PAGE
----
During the Holocaust, the people of the town of Secchiano in central Italy engaged in a “conspiracy of goodness” to protect a Jewish family that had fled from persecution in Germany: Wolf and Esther Fullenbaum and their four-year-old daughter, Carlotta. Holocaust scholar Eva Fogelman has written about the Fullenbaums that in Secchiano, “Their presence was a matter of public knowledge and private pride.” The citizens of Secchiano housed the Fullenbaum family and fed them. Even after the village priest was arrested by the Nazis and taken to a concentration camp because he had helped Jews, the citizens of Secchiano protected the Fullenbaums. When Nazis saw Wolf and Esther working in a field, pretending to be farmworkers, the citizens of Secchiano told the Nazis that the Fullenbaums were deaf-mutes; that way, their German accent would not give them away. Eventually, the citizens of Secchiano helped the Fullenbaums to leave Secchiano and reach safety in territory held by the British.
Comedian David Brenner grew up in Philadelphia, and he likes to joke about how tough his neighborhood was. For example, he says that he once walked into a bar and asked, “What do you have on ice?” The bartender replied, “You wouldn’t know him.” Mr. Brenner has been very successful and owns a luxurious four-story townhouse on Manhattan’s Upper East Side. He sometimes tells visitors, “Four hundred years of Brenner poverty stops here.” By the way, he points out, “I wear a tiny Mogen David [aka the Jewish star and the Star of David]. I wear it in memory of one of the more than one million Jewish children murdered by the Nazis in World War II.” Ask him if he knew any of those children, and he says, “I knew every one of them.”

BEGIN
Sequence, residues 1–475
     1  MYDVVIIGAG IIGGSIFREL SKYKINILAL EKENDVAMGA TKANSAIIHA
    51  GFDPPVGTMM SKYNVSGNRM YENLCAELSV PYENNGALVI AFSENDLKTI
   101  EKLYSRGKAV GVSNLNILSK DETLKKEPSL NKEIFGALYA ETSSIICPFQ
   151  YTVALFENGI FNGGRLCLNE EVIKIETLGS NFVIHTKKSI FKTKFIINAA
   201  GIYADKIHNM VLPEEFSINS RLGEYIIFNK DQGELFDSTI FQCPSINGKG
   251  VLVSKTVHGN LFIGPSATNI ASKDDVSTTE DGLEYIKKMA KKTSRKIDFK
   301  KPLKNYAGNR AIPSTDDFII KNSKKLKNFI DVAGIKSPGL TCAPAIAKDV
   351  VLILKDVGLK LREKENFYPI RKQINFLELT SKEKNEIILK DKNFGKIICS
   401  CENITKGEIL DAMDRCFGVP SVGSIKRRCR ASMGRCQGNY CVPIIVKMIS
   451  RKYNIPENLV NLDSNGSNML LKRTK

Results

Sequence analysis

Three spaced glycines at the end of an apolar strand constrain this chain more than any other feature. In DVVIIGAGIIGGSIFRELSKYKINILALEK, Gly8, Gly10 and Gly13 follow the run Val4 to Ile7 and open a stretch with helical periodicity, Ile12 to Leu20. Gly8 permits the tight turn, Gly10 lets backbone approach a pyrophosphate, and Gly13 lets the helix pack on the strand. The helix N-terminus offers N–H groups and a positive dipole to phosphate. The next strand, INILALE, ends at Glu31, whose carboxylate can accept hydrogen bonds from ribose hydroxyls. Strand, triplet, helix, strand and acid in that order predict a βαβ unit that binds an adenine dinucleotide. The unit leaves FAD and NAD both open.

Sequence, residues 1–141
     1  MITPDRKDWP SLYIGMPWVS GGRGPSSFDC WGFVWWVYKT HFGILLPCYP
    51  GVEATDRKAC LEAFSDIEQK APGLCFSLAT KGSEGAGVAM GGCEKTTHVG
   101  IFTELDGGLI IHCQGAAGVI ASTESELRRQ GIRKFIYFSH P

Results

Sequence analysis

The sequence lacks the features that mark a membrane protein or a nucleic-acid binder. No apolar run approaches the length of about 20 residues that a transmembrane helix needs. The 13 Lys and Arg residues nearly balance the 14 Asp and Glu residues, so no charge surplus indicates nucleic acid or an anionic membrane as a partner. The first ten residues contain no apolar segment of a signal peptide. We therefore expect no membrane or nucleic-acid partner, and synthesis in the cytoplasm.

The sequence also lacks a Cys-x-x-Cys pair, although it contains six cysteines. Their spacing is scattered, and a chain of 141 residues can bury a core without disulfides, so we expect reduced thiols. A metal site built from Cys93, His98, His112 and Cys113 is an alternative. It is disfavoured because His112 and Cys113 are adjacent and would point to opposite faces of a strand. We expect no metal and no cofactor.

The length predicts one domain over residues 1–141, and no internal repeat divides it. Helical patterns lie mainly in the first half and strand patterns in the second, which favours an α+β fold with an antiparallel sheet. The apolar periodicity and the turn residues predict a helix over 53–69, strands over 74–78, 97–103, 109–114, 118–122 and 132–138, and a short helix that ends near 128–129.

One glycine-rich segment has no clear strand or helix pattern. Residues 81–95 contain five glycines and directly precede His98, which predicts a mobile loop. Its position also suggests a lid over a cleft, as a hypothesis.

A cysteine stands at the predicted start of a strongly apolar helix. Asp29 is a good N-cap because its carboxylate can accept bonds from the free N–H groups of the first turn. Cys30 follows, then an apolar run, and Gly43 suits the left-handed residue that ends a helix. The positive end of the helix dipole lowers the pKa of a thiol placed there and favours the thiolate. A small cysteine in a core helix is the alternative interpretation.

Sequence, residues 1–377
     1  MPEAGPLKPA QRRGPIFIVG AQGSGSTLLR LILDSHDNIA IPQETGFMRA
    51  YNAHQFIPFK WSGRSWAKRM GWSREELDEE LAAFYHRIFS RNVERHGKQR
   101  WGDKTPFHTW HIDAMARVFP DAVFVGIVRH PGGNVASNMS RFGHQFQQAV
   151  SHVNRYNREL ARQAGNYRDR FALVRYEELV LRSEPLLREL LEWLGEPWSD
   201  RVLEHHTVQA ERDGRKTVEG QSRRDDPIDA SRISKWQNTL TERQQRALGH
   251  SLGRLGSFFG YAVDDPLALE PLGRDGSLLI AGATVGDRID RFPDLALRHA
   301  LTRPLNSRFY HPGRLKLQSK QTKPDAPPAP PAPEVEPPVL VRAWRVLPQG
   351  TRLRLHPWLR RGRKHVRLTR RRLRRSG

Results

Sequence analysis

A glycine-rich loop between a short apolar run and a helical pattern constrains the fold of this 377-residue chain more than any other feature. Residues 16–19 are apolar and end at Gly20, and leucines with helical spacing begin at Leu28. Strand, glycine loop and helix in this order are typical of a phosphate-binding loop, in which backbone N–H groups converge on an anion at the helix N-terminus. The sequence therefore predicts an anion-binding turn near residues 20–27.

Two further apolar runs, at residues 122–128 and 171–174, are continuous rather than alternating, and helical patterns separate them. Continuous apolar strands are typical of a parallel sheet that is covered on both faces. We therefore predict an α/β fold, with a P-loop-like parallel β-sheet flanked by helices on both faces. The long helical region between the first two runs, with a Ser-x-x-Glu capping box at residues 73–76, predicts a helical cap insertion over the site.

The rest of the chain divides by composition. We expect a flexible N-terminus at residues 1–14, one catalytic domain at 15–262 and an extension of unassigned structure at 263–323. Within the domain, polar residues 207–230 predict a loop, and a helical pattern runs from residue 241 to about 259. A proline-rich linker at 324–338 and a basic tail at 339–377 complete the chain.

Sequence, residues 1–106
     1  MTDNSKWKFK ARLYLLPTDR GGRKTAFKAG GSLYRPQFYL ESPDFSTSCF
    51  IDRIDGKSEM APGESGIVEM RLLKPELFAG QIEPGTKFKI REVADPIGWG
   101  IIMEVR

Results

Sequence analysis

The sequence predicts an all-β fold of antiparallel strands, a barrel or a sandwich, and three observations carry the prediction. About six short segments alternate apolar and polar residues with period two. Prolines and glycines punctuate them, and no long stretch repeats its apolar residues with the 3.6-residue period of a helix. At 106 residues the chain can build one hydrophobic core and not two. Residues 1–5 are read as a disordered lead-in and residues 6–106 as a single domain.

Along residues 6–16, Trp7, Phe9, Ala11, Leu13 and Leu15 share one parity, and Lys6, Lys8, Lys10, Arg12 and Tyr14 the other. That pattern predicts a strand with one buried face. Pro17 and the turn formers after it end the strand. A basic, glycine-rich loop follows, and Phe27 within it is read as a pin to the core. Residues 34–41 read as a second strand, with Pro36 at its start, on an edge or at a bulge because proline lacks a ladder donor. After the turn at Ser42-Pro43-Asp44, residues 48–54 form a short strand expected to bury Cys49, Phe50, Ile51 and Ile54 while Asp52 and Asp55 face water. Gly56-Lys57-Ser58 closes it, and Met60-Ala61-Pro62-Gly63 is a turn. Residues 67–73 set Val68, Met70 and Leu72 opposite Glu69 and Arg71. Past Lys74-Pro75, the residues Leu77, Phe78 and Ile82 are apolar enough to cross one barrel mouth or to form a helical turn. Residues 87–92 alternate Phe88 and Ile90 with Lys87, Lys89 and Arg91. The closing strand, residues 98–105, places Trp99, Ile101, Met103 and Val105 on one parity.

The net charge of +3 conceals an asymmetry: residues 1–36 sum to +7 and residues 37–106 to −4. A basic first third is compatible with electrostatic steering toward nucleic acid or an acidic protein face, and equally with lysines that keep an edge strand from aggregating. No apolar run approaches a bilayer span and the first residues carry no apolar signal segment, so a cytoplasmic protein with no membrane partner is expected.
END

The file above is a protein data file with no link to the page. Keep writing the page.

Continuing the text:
Eddie Weinstein nearly died in Treblinka during the Holocaust. He and some other prisoners were ordered to strip off their clothes, and he knew that that was a prelude to death. Fortunately, he noticed some prisoners digging a trench to serve as a latrine, and he made his way there. Challenged by a guard, he said that he had been ordered to help dig the trench. Also fortunately, one of his friends was helping to dig the ditch. Seeing Eddie, and realizing that Eddie had a reason to be there, the friend called to him, “Eddie, get over here and back to work!” Eddie was lucky — he soon managed to escape from Treblinka by hiding in a cattle car. Eddie survived the Holocaust and wrote a book about his experiences titled 17 Days in Treblinka.
At Auschwitz, very many Jews were murdered, and some Jews committed suicide. Emil Gold and Zesa Starr, survivors of Auschwitz, remember the Nazis giving belts to prisoners. Mr. Gold remembers, “Every morning you woke up to find 10 or 20 people had hanged themselves. That was what the Germans wanted.”
“The Holocaust was the most evil crime ever committed.” — Stephen Ambrose
Copyright by Bruce D. Bruce; All Rights Reserved